Transforming child and family services in urban communities in South Africa: lessons from the South

Leila Patel, Jeanette Elizabeth Schmid, Hendrik Jacobus Venter

Research output: Contribution to journalArticlepeer-review

3 Citations (Scopus)


Post-apartheid, South African agencies have been required to shift their services in fundamental ways, including offering services in previously un-resourced areas, honouring the rights of children and families, ensuring that users, staff and governing bodies are representative of the population and providing developmental social welfare services in place of child protection-oriented interventions only. A study of urban South African child welfare agencies provides insight into the complex task of managing and leading change. In view of overloaded change agenda and resource constraints, managers focused on effecting incremental change and prioritized the most ‘rewarding’ change efforts. Transforming practice towards a developmental approach was less successful. Structural interventions were also not prioritized. Child welfare agencies internationally face demands to transform in response to the effects of local change and globalization. The study's insights might resonate with agencies working for change in other societal contexts.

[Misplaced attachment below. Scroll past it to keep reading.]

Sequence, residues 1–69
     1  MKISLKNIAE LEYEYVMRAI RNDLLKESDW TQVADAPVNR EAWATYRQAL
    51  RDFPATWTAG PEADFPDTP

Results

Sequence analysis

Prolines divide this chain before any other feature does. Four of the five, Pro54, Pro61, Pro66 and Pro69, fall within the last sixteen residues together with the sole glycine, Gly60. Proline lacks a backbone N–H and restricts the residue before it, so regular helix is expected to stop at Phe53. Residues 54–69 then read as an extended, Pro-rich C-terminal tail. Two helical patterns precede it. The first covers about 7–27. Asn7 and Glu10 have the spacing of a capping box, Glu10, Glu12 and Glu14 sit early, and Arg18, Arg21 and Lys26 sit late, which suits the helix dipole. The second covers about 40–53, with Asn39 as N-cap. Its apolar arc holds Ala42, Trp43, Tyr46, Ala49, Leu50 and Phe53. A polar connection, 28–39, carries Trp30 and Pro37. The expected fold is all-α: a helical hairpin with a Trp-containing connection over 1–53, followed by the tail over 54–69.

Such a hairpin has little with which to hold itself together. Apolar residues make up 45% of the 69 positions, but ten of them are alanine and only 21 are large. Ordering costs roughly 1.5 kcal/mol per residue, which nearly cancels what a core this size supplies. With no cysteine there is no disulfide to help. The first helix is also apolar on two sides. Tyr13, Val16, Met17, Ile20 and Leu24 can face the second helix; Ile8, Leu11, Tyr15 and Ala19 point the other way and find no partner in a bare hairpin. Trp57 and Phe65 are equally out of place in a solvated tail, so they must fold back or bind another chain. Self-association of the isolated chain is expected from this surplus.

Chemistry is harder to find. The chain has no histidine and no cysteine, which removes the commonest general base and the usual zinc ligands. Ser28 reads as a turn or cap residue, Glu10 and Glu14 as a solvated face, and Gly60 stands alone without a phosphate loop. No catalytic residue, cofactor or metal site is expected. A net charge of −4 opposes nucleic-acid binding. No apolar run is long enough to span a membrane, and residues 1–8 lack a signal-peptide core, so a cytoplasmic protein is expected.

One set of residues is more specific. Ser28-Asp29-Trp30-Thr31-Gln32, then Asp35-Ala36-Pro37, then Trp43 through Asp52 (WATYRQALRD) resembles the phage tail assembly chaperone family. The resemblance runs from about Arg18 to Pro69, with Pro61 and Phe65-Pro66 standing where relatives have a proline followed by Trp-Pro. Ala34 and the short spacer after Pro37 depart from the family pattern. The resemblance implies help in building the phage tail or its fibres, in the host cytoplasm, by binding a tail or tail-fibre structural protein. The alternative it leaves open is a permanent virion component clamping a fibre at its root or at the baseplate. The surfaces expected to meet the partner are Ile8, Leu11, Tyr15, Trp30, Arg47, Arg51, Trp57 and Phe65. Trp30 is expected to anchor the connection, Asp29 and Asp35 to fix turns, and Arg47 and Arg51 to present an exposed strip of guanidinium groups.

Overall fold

Original languageEnglish
Pages (from-to)451-460
Number of pages10
JournalChild and Family Social Work
Issue number1
Publication statusPublished - 1 Feb 2017


  • change management
  • child and family services
  • leaders
  • lessons from South

ASJC Scopus subject areas

  • Health (social science)
  • Sociology and Political Science


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